05 Oct 2016

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American politics has long served as a laboratory for new technologies. Think of political campaigns as the DARPA for public outreach and advocacy strategies and tactics. The biggest technological factor in this election is the impact social media is having. Many everyday communications tools (Instagram, Snapchat etc.) were barely featuring four years ago and Twitter and Facebook were only being truly utilized for the first time. This year’s election is seeing the honing and perfecting of those techniques invented and popularized within the last two cycles.

US Election – Political Campaigns and Social Media

The lag time between campaign tactics existing solely in the political sphere and becoming public has shortened after each election in recent times. Blogs became more widespread corporate communications tools after the 2004 campaign; social networking did the same after 2008. This year, as more campaign consultants and staffers realize they can apply the skills they honed during the election working for corporate clients for personal gain, that time lag is now essentially one day – the day after Election Day.

Political campaigns traditionally consist of four interlocking parts: policy; political; organizing; and communications (paid and earned). While the policy and political departments are not going anywhere, technological advancements are changing how the communications and organizing departments function. A campaign will utilize anything that is more efficient. For social media, from being able to geo-target specific areas with specialized ads, to targeting individual voters based on their preferences, both the capabilities of data processing and overall computer power are pushing targeting to new heights.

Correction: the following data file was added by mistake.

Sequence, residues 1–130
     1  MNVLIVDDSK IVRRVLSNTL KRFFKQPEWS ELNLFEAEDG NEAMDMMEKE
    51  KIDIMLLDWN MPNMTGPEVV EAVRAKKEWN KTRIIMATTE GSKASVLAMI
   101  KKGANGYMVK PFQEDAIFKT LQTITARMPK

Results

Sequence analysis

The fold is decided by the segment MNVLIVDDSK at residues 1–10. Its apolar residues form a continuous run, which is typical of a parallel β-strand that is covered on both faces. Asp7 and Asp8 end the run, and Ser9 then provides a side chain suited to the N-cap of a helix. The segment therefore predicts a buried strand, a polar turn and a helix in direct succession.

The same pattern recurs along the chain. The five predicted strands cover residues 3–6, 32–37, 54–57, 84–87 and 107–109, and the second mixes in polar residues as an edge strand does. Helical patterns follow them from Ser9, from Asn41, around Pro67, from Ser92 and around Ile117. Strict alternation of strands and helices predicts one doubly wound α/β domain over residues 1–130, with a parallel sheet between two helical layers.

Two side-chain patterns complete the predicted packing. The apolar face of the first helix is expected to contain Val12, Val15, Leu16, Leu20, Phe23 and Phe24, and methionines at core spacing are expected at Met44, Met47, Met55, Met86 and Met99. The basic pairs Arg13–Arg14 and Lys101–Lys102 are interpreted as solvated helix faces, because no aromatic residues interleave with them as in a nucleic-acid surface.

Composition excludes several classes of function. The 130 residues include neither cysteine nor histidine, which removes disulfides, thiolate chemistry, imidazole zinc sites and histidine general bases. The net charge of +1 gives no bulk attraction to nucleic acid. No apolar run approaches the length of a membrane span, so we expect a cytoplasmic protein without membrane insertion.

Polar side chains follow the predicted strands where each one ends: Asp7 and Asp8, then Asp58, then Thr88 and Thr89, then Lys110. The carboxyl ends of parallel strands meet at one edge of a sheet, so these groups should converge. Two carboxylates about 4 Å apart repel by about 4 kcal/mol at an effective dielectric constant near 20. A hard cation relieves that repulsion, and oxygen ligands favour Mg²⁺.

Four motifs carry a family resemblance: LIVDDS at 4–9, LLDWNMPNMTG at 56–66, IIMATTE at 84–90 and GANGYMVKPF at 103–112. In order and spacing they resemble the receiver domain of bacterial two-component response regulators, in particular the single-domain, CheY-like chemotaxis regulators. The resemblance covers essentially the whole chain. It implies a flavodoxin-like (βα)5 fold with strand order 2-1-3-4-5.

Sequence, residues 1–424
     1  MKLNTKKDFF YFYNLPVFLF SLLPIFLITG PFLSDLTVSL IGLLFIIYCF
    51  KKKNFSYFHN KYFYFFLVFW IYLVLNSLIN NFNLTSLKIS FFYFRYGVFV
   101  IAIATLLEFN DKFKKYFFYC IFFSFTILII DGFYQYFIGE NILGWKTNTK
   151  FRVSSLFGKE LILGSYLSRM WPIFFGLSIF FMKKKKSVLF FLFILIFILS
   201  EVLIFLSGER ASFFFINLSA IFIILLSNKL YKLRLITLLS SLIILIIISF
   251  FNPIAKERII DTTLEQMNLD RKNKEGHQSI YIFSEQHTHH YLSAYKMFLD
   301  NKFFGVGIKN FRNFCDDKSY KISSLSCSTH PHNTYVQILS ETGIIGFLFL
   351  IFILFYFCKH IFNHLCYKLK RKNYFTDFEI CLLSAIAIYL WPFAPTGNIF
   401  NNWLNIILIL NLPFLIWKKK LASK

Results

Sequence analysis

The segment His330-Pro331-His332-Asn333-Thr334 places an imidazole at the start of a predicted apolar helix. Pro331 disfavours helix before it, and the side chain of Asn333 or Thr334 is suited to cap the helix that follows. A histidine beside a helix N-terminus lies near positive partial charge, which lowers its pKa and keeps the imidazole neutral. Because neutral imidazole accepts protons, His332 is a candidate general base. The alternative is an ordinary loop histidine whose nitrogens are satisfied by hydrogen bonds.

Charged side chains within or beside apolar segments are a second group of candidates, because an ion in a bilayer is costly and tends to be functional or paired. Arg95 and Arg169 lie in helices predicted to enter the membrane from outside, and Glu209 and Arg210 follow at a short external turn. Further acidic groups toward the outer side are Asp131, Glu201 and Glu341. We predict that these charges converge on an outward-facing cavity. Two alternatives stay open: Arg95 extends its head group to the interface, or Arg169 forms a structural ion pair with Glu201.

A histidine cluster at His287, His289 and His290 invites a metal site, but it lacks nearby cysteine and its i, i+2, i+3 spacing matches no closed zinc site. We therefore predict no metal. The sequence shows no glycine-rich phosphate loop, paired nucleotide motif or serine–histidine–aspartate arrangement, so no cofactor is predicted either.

What impact has social media (particularly Twitter) had on the 2016 contest so far? And does it help candidates to attract and motivate the public to both vote and recruit friends and family to vote? It has certainly aided candidates in raising and saving money and has helped in identifying voters. It has also been a boon for the mainstream media. In terms of its effect on press, the traditional media deadline of 4pm is long gone, despite the concept of a media cycle continuing. Journalists now have rolling deadlines and social media allows them to report in real time. The mainstream media now also reports on what journalists and candidates have tweeted. On Twitter, journalists do not universally adhere to the strict editorial guidelines they may face in the newsroom. For instance, Bloomberg’s Mark Halperin has tweeted numerous times with the intro “I’m hearing,” without a solid source no editor would allow similar into print/web, but on social media a tweet like Halperin’s could lead to others commandeering his “I’m hearing” to spread their own news. Patrick Ruffini, a Republican political strategist describes the so-called ‘feedback loop’ through which a candidate (or journalist) posts something captivating: the media picks up the tweet, leading to public responses of both the media coverage and the initial tweet itself.